I moved my stuff in my new apartment the other day. Boxes upon boxes of stuff crowding up my living room. It was stifling. Overwhelming. But full of hope. Here we are five days later and I can start to see the rainbow at the end of the storm. I think, I can see why people have housewarming parties. It’s to celebrate the joy of making it through the physically and emotionally draining process of decluttering and packing up, hauling your worldly possessions to somewhere new, and then unpacking it all, designating new places for things, buying and building new furniture pieces and making a house into a home. Well I’m on the final stretch now and after the lessons learned, and the pain and problems I’ve been through, I’ll be well and truly ready to share the joy when this is over.
I had it all organised and thought it would be straightforward. The building next to my city hotel had furnished apartments it used to lease available for offer at a discounted price – sign of the times. City living was something I was used to, and the public transport access meant I could leave my car with my family longer, until borders opened and I could collect it; it would also keep my costs down for now. In fact, I used to live in this building and my storage unit was just up the road. So were all the shops I was familiar with, the small businesses. It seemed like a good idea at the time. The downside, if there was one, was the apartment wasn’t clean, visibly wasn’t clean, and the realtor made promises he didn’t keep about that. I also assumed that being a large property company, that when they pushed back my move-in day and forced me to stay longer in the hotel, that they would have the place cleaned.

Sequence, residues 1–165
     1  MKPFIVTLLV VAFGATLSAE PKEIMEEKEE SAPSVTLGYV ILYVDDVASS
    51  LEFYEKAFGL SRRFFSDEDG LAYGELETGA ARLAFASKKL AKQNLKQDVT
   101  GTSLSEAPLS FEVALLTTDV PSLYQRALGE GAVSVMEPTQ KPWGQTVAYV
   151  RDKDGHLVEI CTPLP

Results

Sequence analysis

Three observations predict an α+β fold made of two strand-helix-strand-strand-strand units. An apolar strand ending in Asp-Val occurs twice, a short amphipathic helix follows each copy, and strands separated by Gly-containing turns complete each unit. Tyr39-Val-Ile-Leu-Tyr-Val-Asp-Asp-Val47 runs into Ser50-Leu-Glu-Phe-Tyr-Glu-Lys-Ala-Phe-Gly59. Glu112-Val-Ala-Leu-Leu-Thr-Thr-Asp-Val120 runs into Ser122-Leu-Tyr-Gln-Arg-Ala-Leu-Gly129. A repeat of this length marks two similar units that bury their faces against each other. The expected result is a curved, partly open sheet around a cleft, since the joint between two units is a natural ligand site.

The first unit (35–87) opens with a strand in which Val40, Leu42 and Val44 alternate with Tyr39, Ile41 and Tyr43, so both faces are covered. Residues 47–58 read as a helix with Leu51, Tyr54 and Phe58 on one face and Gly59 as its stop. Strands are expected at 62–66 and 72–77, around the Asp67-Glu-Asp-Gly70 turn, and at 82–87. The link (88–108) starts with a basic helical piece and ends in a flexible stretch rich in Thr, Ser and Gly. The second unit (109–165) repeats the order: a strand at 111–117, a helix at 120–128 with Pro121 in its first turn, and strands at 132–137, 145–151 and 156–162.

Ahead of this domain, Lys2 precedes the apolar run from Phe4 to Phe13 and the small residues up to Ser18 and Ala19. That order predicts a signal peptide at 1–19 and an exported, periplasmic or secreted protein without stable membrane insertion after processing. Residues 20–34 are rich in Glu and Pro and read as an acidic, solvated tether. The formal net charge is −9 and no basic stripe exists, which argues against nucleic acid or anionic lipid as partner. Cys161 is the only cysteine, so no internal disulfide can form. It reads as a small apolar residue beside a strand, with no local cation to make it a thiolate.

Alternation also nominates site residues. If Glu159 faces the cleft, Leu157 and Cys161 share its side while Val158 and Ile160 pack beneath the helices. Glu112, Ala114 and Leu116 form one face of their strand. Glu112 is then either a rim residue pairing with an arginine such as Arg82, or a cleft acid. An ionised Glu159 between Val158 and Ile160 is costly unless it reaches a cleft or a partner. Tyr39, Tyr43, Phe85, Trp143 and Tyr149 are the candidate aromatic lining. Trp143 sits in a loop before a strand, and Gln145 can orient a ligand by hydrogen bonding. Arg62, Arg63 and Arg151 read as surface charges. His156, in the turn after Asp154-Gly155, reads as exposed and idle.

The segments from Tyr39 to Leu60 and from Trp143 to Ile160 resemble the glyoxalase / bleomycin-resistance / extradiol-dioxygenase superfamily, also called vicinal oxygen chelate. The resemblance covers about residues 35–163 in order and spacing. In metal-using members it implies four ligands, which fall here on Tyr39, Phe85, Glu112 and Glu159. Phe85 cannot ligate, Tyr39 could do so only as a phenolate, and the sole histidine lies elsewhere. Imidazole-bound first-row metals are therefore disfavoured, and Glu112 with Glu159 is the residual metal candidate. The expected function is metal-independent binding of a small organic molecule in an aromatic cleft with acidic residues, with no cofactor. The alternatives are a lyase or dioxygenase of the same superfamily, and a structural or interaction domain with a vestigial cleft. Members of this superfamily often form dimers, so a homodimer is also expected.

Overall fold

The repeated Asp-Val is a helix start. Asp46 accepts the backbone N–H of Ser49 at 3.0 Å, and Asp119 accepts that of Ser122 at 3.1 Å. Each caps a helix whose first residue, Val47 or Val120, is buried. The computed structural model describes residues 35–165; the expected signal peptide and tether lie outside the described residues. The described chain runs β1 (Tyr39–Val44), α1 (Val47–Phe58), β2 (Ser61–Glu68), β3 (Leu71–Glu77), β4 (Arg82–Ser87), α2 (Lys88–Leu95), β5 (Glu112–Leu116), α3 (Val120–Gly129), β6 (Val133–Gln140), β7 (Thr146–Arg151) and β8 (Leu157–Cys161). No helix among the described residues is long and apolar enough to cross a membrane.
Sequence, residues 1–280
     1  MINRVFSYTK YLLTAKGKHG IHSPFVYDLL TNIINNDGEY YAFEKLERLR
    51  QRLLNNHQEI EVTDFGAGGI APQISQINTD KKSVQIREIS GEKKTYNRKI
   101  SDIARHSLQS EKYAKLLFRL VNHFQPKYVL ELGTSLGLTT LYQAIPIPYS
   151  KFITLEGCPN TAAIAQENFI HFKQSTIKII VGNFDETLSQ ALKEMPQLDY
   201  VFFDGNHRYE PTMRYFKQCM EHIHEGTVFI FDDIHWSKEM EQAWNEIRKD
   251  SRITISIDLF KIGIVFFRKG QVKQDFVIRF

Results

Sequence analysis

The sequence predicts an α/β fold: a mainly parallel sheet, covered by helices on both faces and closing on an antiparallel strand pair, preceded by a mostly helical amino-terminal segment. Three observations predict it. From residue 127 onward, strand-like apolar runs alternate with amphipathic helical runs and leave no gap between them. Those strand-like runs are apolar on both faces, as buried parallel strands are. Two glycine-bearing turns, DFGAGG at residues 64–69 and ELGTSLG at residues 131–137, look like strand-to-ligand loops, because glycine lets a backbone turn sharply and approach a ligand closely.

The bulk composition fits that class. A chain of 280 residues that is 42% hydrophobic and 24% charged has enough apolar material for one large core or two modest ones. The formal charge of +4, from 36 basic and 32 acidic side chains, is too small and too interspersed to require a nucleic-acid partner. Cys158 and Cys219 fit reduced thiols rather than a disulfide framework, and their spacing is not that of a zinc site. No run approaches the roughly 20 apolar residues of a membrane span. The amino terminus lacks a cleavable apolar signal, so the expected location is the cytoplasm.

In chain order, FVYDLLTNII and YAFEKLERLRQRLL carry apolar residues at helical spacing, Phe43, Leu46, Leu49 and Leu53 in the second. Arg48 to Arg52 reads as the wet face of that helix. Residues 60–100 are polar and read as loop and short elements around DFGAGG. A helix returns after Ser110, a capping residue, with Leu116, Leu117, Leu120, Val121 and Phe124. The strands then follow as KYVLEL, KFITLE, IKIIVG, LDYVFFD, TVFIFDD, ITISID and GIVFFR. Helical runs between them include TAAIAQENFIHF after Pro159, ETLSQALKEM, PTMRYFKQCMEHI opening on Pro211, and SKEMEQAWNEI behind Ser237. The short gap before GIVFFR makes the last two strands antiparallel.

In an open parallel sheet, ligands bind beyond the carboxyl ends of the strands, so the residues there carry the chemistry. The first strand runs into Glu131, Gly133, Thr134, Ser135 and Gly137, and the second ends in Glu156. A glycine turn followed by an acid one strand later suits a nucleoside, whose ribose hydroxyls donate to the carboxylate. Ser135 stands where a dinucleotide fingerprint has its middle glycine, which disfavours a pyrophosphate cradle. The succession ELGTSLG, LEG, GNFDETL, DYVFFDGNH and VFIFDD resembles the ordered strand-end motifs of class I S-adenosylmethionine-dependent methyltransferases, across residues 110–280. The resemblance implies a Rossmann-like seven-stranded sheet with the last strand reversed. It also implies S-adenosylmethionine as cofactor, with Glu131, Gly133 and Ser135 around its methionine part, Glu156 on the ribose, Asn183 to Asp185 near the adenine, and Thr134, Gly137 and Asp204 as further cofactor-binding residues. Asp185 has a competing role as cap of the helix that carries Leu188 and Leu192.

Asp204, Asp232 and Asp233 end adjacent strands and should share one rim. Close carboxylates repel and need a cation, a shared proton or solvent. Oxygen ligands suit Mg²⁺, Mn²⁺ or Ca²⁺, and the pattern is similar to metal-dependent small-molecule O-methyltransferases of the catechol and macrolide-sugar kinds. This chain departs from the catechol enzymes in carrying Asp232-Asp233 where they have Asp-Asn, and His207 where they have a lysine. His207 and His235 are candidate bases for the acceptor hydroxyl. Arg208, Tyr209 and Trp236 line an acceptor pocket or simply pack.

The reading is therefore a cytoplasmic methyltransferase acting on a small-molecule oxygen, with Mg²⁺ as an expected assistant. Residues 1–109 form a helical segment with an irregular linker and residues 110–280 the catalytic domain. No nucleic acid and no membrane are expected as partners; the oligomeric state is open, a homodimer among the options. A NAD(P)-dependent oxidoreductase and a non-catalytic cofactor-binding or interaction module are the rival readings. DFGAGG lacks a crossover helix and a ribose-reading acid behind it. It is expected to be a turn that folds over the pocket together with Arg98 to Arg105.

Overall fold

BIG MISTAKE: never assume anything. Or trust promises.
When I collected the keys the following week, it was for a still dirty house. I was under the illusions made by the realtor that they would cover my costs, so I arranged for an end of lease cleaning team to come at the start of my moving day, to get it all done before I brought anything in. I arranged a one-off carpark in the building for them. I waited outside the building for them to arrive. They didn’t show. When I called them, they said they did show and did call but because I wasn’t there they moved on to a different job. They proposed I wait hours for them to be done and they *will come back*. Hmmm.